HBO’s Euphoria: A Groundbreaking Series That Explores Love and Pain in the Lives of Teens

Zendaya in Euphoria, Creative Commons Image

Zendaya in Euphoria, Creative Commons Image

Euphoria is an unfiltered drama series that centers around the lives of explosive teens exploring expression, angst, and excess in Los Angeles.

The series is known for its controversiality and willingness to tackle real-life problems of adolescents today, ranging from drug addiction, abuse, gender identity, sexuality, rebellion, peer-pressure, belonging, and mental illnesses. It was released on June 16th of 2019.

The show is a glamorized American adaptation of a 1990’s Israeli series of the same name, combined with the artistic visions of creator Sam Levinson, who integrates some of his own experiences as a former drug addict into the plot. HBO sets this show in modern-day Los Angeles at melodrama hub East Highland High School

Disney fan-favorite star Zendaya breaks out of her wholesome mold with her heavy role as protagonist Rue Bennett. The series centers around her character’s relationship with drugs. “I know you’re not allowed to say it…but drugs are kind of cool. I mean they’re cool before they wreck your skin…and your life…and your family. That’s when they get uncool. It’s actually a very narrow window of cool,” she said. Season 1’s pilot opens with Bennett emerging from rehab, with no intention of staying sober.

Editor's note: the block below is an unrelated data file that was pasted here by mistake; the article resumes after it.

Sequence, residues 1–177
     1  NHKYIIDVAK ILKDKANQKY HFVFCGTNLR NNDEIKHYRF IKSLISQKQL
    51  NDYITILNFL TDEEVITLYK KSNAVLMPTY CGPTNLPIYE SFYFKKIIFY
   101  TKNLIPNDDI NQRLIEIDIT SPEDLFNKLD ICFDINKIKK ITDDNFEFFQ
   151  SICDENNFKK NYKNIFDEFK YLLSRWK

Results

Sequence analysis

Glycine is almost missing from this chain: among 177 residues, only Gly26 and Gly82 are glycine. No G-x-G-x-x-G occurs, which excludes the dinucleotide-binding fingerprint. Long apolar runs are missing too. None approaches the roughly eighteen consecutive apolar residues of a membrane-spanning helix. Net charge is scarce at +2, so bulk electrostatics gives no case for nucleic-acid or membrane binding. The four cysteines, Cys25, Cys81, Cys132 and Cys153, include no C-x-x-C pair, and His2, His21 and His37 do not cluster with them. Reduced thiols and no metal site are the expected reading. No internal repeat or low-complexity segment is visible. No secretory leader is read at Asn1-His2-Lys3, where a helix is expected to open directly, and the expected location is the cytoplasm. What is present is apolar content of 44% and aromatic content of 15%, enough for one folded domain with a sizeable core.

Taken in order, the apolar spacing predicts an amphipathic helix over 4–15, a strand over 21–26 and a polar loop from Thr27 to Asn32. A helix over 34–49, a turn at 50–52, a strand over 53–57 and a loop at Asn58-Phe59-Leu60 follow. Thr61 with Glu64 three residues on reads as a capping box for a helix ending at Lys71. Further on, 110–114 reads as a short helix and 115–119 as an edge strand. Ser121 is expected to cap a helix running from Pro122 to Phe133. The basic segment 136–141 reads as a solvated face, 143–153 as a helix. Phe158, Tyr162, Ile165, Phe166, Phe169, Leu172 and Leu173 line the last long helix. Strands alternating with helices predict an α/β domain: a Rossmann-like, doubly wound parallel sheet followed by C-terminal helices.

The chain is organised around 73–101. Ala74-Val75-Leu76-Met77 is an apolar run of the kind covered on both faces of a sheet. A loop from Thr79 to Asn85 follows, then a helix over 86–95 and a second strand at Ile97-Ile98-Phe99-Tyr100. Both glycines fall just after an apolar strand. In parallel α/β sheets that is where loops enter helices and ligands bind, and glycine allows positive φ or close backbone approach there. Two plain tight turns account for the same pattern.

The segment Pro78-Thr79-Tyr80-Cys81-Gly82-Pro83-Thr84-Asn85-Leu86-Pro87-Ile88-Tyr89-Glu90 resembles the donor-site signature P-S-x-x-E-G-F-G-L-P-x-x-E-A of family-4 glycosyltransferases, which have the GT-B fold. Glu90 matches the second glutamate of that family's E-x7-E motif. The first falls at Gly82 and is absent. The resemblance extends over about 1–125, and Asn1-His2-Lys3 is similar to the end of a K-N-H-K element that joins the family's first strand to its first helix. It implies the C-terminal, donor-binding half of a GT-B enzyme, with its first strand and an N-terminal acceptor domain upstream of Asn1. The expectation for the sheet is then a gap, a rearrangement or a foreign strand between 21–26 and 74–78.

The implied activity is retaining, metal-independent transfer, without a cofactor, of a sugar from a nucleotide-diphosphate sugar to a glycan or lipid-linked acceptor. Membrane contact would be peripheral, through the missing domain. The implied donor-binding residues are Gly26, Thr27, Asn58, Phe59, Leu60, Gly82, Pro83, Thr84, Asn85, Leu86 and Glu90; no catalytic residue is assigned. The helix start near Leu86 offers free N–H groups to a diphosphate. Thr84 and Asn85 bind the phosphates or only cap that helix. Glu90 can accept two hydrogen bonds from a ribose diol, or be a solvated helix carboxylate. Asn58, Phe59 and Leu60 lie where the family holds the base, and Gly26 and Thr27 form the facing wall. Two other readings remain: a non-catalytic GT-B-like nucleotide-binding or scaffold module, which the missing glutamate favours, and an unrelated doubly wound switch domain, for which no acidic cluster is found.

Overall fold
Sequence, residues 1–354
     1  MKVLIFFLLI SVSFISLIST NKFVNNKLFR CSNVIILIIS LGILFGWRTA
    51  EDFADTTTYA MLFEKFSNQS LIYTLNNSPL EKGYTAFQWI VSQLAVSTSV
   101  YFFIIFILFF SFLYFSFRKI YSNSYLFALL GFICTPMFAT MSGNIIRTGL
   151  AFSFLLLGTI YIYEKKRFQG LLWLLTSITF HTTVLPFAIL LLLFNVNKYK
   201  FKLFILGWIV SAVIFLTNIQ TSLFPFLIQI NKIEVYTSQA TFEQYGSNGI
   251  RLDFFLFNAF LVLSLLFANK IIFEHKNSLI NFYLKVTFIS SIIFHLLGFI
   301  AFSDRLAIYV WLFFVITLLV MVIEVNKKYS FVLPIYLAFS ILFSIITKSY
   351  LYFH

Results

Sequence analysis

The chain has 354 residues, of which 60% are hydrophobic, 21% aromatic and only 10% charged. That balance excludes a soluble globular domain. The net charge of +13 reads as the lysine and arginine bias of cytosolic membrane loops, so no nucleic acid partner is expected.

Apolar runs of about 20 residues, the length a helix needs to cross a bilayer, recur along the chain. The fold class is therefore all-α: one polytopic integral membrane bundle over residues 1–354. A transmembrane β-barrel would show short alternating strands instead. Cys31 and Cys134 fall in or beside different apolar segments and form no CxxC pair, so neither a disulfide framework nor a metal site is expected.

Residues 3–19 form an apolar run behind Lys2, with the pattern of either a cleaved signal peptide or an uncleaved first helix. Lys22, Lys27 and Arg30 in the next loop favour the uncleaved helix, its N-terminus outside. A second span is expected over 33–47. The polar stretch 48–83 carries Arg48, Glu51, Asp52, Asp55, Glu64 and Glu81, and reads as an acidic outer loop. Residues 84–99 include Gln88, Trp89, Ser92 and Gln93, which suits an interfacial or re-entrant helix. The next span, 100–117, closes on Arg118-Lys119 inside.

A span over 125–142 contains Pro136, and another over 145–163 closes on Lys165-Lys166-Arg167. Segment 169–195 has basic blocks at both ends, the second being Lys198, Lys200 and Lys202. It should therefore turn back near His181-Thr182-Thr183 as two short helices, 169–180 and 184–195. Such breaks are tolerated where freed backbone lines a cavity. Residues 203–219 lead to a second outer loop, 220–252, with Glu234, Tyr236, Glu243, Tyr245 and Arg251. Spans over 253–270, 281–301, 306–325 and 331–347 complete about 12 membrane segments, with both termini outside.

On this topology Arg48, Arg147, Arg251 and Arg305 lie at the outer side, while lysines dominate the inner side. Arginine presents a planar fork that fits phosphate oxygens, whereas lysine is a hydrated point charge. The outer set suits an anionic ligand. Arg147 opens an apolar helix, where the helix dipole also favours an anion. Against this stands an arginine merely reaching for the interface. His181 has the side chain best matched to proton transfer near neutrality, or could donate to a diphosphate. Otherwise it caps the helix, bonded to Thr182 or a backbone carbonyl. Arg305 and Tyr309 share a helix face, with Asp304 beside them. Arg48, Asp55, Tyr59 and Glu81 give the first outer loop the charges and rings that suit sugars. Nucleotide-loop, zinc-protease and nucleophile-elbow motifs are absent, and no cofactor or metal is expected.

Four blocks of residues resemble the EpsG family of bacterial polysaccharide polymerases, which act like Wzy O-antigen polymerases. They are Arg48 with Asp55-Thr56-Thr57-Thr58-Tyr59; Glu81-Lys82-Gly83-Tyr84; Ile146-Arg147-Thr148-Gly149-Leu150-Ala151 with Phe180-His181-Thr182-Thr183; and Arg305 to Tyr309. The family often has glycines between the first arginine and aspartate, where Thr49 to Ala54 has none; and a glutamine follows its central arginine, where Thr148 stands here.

As the season progresses, the focus zooms out to Bennett’s peers, from the likes of popularity queens and football players to drug dealers.

The dialogue is an inflated version of the cliché teen gossip that has been around for countless years. The zingers and witty comebacks of the characters are a stylistic choice on the part of the writers, as it is apparent to the audience that these types of conversations are not meant to depict commonplace conversations.

Cast of Euphoria, Creative Commons Image

One scene that capitalizes on this is in Season 1, Episode 7. A heated catfight between sassy Maddy Perez and her friend Kat Hernandez takes place in Perez’s kitchen, in which Hernandez is making snarky comments about another girl present. 

“You’re being a bad friend now; you were a bad friend to me and this whole new personality is seriously unlikeable,” Perez says to Hernandez.

“Why, because I won’t sit and listen to you b**** and moan about your psychotic abusive boyfriend who you’ve literally broken up with a thousand times?!” Hernandez says.

This type of embellished exchange is painfully common among teens in the show and relatable to teens today.

Euphoria examines gritty topics through an artistic lens–the show has a pronounced focus on imagery and character perspective. Aesthetically, it’s regarded as breathtaking–the set’s pro makeup artist Doniella Davy adorns characters in glitter and rhinestones to create the show’s trademark look. The show’s scenery and backgrounds are a combination of glowing celestial colors against dark nights, setting the tone for adventure.

Many scenes are moments from Bennett’s point of view while under the influence of drugs. For example, the pilot has a party montage in which the room is vertically spinning as Bennett tries to keep her balance, which illustrates her altered state.